I believe a lot of the problems we see and experience in law enforcement organizations stems from, the lack of clarity and credibility as Scott Shipman describes. There is a lot of mixed messages and role confusion throughout our ranks, and our law enforcement culture sends out mixed messages as well. Go out, get out of your patrol cars and engage the public on the one hand is the message and then on the other hand, why are you in the mall, the coffee shop, the bar, the local Wall-Mart, neighborhood streets etc. Go out and conduct your walk and talks and security checks but we are not going to count them as activity. Go out and arrest the bad guys, and then, why did you bring him in? Use the summons process for your less serious crimes, then why didn’t you lock him up? We need more motor vehicle stops and citation production is one message and then why did you stop that person for such a minor infraction? We could go on an on here and I am sure you have your own examples of role confusion. Where is the clarity and credibility?  Without out clarity and credibility how are we to be effective?

Scott Shipman added an important observation:

Here is where Insight becomes vital; we believe what we see---and it operates on dichotomous scale:

1. Absolute clarity that if you disagree with your boss, you'll get your ass chewed, maybe fired---with credibility being assigned by having "seen" living example of the phemon. (Emotion of this clarity of insight, fear and staying out of the target line of fire, as it were.)

2. Absolute clarity that principled and informed opposition to your boss will be rewarded---even if you happen to be wrong----once again, with credibility being weighed by previous living examples. (Emotion, dignity/satisfaction that you are allowed/expected/encouraged to contribute.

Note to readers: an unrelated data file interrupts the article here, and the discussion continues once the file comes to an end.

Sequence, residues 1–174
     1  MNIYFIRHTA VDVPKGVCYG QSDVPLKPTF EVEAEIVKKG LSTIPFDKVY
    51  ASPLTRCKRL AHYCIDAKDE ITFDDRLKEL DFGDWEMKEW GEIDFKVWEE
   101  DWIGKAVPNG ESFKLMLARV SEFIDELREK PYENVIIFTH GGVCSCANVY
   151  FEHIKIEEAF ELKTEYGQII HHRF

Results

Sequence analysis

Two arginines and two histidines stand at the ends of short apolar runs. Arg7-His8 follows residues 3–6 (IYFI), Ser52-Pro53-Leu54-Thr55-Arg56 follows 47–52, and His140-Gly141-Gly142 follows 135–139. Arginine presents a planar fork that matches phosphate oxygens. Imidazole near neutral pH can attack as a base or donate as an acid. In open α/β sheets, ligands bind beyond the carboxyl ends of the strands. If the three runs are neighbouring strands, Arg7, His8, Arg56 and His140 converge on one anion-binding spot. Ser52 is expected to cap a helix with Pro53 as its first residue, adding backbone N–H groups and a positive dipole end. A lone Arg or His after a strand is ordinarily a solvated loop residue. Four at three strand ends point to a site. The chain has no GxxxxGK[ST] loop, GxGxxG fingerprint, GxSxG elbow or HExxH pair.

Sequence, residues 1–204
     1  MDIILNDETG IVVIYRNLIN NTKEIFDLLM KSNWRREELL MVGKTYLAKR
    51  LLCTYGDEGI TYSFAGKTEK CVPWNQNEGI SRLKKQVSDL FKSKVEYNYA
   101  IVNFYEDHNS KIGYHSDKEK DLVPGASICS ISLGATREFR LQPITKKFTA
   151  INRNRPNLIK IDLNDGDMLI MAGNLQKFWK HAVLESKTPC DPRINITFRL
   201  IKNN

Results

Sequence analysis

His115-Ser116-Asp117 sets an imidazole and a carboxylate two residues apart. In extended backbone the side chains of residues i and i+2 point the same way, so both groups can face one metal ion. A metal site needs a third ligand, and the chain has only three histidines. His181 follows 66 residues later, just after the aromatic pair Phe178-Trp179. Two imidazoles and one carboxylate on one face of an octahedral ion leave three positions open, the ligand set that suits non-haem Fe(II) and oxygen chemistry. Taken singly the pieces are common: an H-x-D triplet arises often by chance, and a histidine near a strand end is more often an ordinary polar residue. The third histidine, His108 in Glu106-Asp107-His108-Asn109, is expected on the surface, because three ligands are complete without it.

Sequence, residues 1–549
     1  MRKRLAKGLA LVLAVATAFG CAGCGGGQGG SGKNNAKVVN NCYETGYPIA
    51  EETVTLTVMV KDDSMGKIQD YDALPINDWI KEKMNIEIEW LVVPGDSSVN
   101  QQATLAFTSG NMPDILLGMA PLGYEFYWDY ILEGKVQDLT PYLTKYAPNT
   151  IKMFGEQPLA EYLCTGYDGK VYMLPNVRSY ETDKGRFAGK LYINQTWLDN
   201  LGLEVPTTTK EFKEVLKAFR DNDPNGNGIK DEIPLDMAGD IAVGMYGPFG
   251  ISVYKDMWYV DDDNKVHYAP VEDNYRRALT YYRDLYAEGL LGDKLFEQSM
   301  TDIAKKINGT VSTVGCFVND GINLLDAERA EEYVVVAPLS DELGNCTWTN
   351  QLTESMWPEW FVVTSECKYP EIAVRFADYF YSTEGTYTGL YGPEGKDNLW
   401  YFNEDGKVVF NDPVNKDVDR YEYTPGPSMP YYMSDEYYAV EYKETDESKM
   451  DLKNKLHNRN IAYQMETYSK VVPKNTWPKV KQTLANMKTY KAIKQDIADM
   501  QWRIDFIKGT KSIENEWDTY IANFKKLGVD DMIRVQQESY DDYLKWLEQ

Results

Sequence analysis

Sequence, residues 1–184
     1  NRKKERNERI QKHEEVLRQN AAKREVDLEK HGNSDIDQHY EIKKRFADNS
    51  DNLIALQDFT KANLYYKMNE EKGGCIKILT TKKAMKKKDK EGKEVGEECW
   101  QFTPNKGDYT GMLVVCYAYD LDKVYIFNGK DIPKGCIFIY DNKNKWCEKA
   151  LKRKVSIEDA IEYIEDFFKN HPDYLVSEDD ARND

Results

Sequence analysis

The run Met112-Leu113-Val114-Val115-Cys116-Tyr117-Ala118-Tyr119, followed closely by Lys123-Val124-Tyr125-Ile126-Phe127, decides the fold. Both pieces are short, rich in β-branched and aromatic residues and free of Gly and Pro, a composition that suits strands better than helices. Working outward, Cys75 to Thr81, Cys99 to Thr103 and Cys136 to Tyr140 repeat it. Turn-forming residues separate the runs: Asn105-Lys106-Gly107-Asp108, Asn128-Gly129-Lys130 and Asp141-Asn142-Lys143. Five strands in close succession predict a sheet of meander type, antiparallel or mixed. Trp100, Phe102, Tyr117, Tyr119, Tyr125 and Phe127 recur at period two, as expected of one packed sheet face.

How many know what the mission and intent of the law enforcement profession is? How many of us know exactly what is expected of us when we hit the streets? Is it enforcement or building community trust? Can you do both simultaneously and effectively? if so how?The purpose of an law enforcement organization is to deploy available human and material resources in order to produce the greatest possible effectiveness in solving police related problems. If you are a leader in this profession which example of clarity are you demonstrating in an effort to meet our purpose? Are you sure?

I was just reminded in a Brian Willis Newsletter of what Carol Dweck describes in her book Mindset: The New Psychology of Success as the Fixed Mindset versus the Growth Mindset. A fixed mindset is one in which you view your talents and abilities as set in stone. You believe your intelligence and talents are fixed, and your fate is to go through life avoiding challenge and failure. A growth mindset, on the other hand, is one in which you view yourself as a work in progress. Your future therefore, is one of growth and opportunity. How many fixed mindsets do we see daily verses growth mindsets in our profession? In my view fixed mindsets are 80-90% and I do not feel I am exaggerating!!!

Scott reminded me of a great quote, I think would be a fitting end to this post:

"Man has also become an architect of his environment, but he does not command forces as powerful as those of nature. His method has been selective and probing: an intellectual approach in which action depends on understanding."  ~Jacob Bronowski

Stay Oriented!

Fred